Holes in a Holy Grail?

A new study raises questions about The Dartmouth Atlas

Jordan Rau of Kaiser Health News is carving quite a reputation for himself on the hospital beat, and helping to educate the public and the press while he’s at it. Last week Rau did a bangup job covering a study that presents a cautionary tale. The study, published in Medical Care Research and Review, pokes a pretty large hole in the “idea that uneven Medicare health care spending around the country is due to wasteful practices and overtreatment—a concept that influenced the federal health law,” Rau reported.

What he’s talking about is the much-publicized work of the Dartmouth Institute for Health Policy & Clinical Practice, whose famous Dartmouth Atlas has been consulted by journos and policymakers for years. Reporters have considered Atlas data their holy grail, and stories showing wide regional variation in medical spending have become staples.

The gist of the Dartmouth research is that aggressive physicians who do more procedures and tests do so in part because they can make more money that way, and this accounts for some of the unexplained regional differences in spending.

Beltway policymakers during the 2008 election—along with a high-profile 2009 New Yorker piece by Atul Gawande that showed high spending in McAllen, TX—popularized the theory, and sparked Obamacare reforms that financially penalize hospitals that generate high costs for the system with such practices as readmitting too many patients after an inpatient stay.

Health policy experts have had divided opinions about the Dartmouth data, but this latest pushback, Rau says, is “one of the sharpest attacks yet.”

When the study’s researchers examined the diagnoses for Medicare beneficiaries that were reflected in the claims file for Medicare payments, they concluded that patients in some parts of the country were simply sicker than those in other parts—and that is what accounts for much of the higher spending in some regions. Speaking about the Dartmouth researchers, James Reschovsky, the study’s lead author, told Rau:

They were trying to spin a simple story from a world which is far more complex and far more nuanced. They are to be credited for highlighting that there’s a lot of inefficiency in the delivery of health care in the United States. They defaulted by hanging their hat on geographic determinants of efficiency, and I think that premise is fundamentally being torn down.

When Rau questioned Dartmouth economist Jonathan Skinner, Skinner pushed back against the pushback. He replied in an email that the study critical of the Atlas was “fatally flawed,” and that Dartmouth researchers could not replicate it. Rau also rang up Maribeth Shannon, a senior official at the California Healthcare Foundation, one of the funders of the Atlas, who seemed to critique people who have written about the Atlas. “People are stretching the research beyond the reasonable bounds. We always have to take the research with its limitations.” In other words, she seemed to be fingering the press for running with conclusions that might not be so conclusive after all.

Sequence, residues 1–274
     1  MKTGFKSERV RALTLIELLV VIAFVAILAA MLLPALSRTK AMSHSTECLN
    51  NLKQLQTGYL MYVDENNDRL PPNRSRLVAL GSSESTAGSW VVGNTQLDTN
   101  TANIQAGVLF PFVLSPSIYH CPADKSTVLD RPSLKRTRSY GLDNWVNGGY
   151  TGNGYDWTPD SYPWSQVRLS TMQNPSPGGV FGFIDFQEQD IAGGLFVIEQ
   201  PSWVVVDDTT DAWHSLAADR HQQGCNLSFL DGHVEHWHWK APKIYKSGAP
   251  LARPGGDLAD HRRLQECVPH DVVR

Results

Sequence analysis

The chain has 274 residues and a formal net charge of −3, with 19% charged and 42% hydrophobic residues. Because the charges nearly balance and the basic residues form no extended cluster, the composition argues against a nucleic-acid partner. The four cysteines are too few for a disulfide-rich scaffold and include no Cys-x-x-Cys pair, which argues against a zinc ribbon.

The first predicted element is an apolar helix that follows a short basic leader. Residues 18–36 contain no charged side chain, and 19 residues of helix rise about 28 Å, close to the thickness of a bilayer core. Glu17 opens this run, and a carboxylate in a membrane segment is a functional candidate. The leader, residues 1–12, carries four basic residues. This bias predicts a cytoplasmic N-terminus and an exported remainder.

This War of the Researchers does raise questions of whether journalists who have waded into these waters have been swamped by the Dartmouth tide. Have we been skeptical enough? Have we asked the right questions? It’s hard to say who’s right and who’s wrong in these matters.

Still, Rau’s story should give reporters plenty to think about before doing their next regional comparison story. Paul Levy, former CEO of Beth Israel Deaconess Medical Center in Boston, and who writes a popular blog called “Not Running a Hospital,” tweeted the other day: “Jordan Rau publishes a provocative story. Will it suffer from political correctness?”

It has been politically correct in healthcare journalism to quote and use The Dartmouth Atlas. This study indicates that maybe we should ask more questions about it, as we always should when new research surfaces. A good place to start when more data surfaces about any health policy is a list called “Top 10 Questions for health policy journalists” on the website run by British health journalist and professor named John Lister. Lister’s questions are adapted from a similar list for covering medical studies created by Gary Schwitzer at HealthNewsReview.org.

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Trudy Lieberman is a longtime contributing editor to the Columbia Journalism Review. She is the lead writer for The Second Opinion, CJR's healthcare desk, which is part of our United States Project on the coverage of politics and policy. She also blogs for Health News Review. Follow her on Twitter @Trudy_Lieberman. Tags: , , , ,